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We know where the shoe pinches: a case study-based analysis of the social benefits of pesticides

We know where the shoe pinches: a case study-based analysis of the social benefits of pesticides

Bennett, Ben, Cooper, Jerry and Dobson, Hans (2010) We know where the shoe pinches: a case study-based analysis of the social benefits of pesticides. Outlook on Agriculture, 39 (2). pp. 79-87. ISSN 0030-7270 (Print), 2043-6866 (Online) (doi:10.5367/000000010791745420)

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Abstract

Most published material relating to pesticides focuses on negative effects. Previous work by the authors has linked pesticides to a range of benefits, but not to wider social outcomes. In this study, a case is made that, if used properly, pesticides can result in a range of social benefits. To characterize social outcomes for individuals, families, other groups and communities, the authors undertook the development of an analytical framework to categorize the potential outcomes, a review of the literature and an examination of specific cases in production systems using pesticides. Four categories of use were explored: livestock disease vector control, subsistence farming, transition from subsistence to cash crop farming and commercial farming. The last two showed very strong positive associations, with benefits being manifested in increased income and reduced risk, plus the ability to hire labour and provide employment opportunities. Other outcomes were the evolution of more complex community facilities, such as schools and shops, and improved health. One unexpected finding was that there appeared to be an association between the use of pesticides and cooperation (that is, farmers working together in purchasing, spraying and/or marketing). Many of the case studies supported the hypothesis that farm businesses using pesticides were associated with the development of administrative skills that spilled over into other aspects of people's lives. Although the sample was small and there was a risk of an inherent bias towards those with a vested interest in maintaining their current farming systems (including pesticides), these case studies support the authors' hypothesis that there are social benefits from pesticide use.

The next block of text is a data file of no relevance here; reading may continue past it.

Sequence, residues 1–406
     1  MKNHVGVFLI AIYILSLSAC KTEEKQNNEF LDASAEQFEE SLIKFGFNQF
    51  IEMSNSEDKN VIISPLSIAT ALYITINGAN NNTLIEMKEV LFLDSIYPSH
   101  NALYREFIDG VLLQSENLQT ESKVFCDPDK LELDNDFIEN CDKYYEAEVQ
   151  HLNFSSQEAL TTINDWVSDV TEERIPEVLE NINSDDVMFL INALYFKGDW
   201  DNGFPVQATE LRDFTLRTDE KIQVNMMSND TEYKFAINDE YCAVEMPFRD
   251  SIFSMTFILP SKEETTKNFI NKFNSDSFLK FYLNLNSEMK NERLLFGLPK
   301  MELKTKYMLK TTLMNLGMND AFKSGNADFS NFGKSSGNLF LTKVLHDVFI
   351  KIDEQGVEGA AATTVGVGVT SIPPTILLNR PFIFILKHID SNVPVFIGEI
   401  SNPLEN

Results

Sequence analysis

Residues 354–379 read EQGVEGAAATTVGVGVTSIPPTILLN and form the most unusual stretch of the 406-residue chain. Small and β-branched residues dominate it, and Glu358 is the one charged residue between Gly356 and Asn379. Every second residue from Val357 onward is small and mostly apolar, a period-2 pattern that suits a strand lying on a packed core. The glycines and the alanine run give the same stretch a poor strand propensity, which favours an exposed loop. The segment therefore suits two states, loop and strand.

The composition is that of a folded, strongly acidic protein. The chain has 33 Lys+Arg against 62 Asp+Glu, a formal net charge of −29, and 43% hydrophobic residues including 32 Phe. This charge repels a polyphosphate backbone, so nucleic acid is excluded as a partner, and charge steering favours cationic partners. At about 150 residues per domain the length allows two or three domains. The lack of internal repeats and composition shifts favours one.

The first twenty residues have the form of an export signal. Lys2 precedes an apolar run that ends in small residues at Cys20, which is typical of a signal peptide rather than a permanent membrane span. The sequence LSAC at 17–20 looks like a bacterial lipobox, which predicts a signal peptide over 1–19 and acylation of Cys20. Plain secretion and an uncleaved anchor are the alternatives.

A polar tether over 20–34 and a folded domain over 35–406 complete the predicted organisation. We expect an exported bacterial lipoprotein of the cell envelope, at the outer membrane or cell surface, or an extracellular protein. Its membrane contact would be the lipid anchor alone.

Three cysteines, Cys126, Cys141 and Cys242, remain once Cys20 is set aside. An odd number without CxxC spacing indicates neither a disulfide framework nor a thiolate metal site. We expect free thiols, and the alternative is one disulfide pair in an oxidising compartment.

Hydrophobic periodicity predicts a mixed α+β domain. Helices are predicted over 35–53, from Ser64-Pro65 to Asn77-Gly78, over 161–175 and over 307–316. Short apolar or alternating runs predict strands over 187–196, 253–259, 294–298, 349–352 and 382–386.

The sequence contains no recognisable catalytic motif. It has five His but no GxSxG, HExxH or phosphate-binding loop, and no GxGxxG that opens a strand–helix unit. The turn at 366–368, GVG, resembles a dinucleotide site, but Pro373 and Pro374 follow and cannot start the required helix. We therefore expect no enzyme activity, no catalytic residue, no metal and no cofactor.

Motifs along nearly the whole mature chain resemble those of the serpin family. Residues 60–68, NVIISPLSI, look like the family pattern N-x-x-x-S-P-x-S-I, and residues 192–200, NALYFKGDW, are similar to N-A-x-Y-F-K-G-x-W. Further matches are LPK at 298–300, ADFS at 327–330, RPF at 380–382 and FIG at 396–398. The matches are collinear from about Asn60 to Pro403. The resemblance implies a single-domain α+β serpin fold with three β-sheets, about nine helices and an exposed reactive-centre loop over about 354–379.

Item Type: Article
Uncontrolled Keywords: pesticides, benefits, social benefits, case studies
Subjects: S Agriculture > S Agriculture (General)
Faculty / Department / Research Group: Faculty of Engineering & Science > Natural Resources Institute > Food & Markets Department
Related URLs:
Last Modified: 13 May 2014 12:08
Selected for GREAT 2016: None
Selected for GREAT 2017: None
Selected for GREAT 2018: None
URI: http://gala.gre.ac.uk/id/eprint/7692

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